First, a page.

BOOK REVIEW: A Passion for Flight: New Zealand aviation Before the Great War
Volume Two: New Zealand Aviation Before the Great War
By Errol Martyn (Volplane Press, RRP $55)
Meticulous Martyn continues the rich history of innovation, imagination and daring of early New Zealand aviation.
This slice still includes a few of the fanciful feathered contraptions, gliders, balloons and parachutes of volume one, but now also the real flight attempts with feasible but problematic machines, and from 1913 the first practical powered flights and achievements feeding into the mainstream development of aviation services.
This gives a context for appreciating the exploits of individuals, such as Invercargill's Herbert Pither, the engineer who gave a self-report of a flight test on a Fouveax Strait beach in 1910.
He gets a chapter practically to himself, along with Francis Potter of Kelso, Otatara's James Paskell and later Dave Cross of Otama.
In fact, Southland again features strongly, with Will Scotland and his crosscountry flights (the first from Invercargill to Gore) in 1914 also getting a definitive chapter.
The miscellany section includes a reference to Olga Sanson's (unfortunately undated) account of Stewart Islander Gibbie Thomson flight-testing a big-wing apparatus.
Martyn's sophisticated trawling of Papers Past and wide connections have elicited all kinds of sidelights making the book a good read even for those whose eyes gloss over technicalities: Mita Taupopoki as the first Maori recorded in flight (as a passenger during his visit to England) in 1911; Damer Allen, the first person with a New Zealand connection to lose his life in an aeroplane accident (attempting to cross the Irish Sea) in 1912; a new candidate for the first aero club at Cobden in 1909, and even a racehorse named Monoplane.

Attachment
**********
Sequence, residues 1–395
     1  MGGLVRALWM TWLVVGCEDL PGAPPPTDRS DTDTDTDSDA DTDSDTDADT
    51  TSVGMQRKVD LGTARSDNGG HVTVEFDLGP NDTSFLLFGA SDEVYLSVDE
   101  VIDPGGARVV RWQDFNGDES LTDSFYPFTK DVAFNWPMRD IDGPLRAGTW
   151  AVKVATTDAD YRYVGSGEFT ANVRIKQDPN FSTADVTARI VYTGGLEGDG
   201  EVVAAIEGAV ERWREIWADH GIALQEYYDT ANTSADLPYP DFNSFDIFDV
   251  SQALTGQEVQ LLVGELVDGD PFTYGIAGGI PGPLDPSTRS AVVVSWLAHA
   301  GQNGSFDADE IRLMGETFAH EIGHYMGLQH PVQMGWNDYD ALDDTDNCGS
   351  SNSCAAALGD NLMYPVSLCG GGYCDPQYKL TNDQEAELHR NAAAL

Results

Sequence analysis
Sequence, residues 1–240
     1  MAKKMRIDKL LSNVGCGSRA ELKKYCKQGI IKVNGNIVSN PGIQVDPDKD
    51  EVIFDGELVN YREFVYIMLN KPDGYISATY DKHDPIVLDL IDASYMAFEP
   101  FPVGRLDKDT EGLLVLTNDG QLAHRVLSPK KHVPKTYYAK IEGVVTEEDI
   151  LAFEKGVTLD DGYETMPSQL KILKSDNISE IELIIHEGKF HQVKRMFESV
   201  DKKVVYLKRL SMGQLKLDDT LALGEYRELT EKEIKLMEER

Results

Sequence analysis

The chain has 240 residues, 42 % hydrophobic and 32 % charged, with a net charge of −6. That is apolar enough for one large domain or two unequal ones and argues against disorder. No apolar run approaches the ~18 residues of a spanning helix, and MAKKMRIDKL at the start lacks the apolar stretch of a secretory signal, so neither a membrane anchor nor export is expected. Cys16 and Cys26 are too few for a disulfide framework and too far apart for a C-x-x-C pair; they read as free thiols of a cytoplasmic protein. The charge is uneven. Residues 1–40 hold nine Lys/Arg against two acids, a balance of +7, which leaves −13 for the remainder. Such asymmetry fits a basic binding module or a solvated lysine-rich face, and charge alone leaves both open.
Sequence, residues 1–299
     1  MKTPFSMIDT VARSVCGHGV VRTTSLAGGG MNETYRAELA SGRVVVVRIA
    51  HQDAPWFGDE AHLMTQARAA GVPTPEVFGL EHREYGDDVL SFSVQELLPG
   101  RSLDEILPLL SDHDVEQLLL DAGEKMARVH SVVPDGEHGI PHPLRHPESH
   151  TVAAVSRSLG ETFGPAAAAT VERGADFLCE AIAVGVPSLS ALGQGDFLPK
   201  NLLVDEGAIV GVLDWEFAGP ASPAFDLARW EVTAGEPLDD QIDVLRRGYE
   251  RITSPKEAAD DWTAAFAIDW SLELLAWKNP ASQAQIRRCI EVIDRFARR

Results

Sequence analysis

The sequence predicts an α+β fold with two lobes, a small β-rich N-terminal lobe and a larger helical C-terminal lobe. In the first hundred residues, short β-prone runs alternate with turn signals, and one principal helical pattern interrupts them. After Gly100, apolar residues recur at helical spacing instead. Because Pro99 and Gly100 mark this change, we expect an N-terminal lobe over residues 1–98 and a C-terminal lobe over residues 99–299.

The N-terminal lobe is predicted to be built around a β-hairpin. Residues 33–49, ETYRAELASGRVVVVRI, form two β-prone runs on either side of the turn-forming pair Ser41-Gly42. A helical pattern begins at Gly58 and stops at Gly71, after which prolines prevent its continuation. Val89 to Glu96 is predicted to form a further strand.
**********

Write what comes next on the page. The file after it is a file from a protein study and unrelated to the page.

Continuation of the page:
Another southern gem to send local historians searching is the discovery of Nellie Mitchell of Balclutha, the first New Zealand woman to pilot a flying machine (a glider) in Dunedin in 1911.
And, of course, there are the Walsh brothers of Auckland, the official "first flight" achievers, whose on-going aviation achievements merit the recognition they hold.
Martyn is fearless in his opinions, berating the enthusiasm for vaunting "no hopers" ( such as Richard Pearse, who has an airport named after him) while neglecting real achievers such as Will Scotland (who has no significant memorial), but he is also generous in crediting his sources.
Volume three is apparently nearly at the printers, so anyone with additional information stirred up by the first two better be quick to contribute it.
A Passion for Flight: New Zealand aviation before the Great War Volume Three: The Joe Hammond Story and Military beginnings 1910-1914
By Errol Martyn (Volplane Press, RRP $55)
No sooner had volume two of this detailed history of early New Zealand history hit the decks but volume three followed, distinguishing Martyn as a true scholar uninterested in waiting for another Christmas market.
This time the focus is the development of aviation for military use, taking in airships and armaments and a new bunch of experimenters, plus the men who flew, their increasingly elaborate training, and exploits in an era with a very high casualty rate.
A large section is devoted to the career of Joe Hammond, described as the finest fliers of his era.
It's a fascinating story of a man - even his Wild Bill Coady Circus mates labelled him "Dare-devil Joe" for his fearless horsemanship during a varied OE experience, which culminated in flying training in France.
Hammond was enormously popular with colleagues and the public and his death in 1918, aged only- 32, in the United States, clearly robbed New Zealand of a hero, who sounds much in the mould of Sir Ed Hillary, laid- back, fearless, highly competent and with a unique sense of humour.
This era also saw many passengers in the air, including journalists who could convey vivid descriptions of the experience, as opposed to those provided by the more laconic airmen.
Entries on New Zealanders who volunteered military service (as well as those who actually trained) may surprise a few family historians whose families preserve no memories of great-grandad's ambitions to fly.
Oddities include Invercargill's John Thomson (of Thomson and Beattie department store) writing to the British War Office in 1913, offering, terribly tentatively and politely, a bright (but impractical) idea to stop planes turning "topsy-turvy".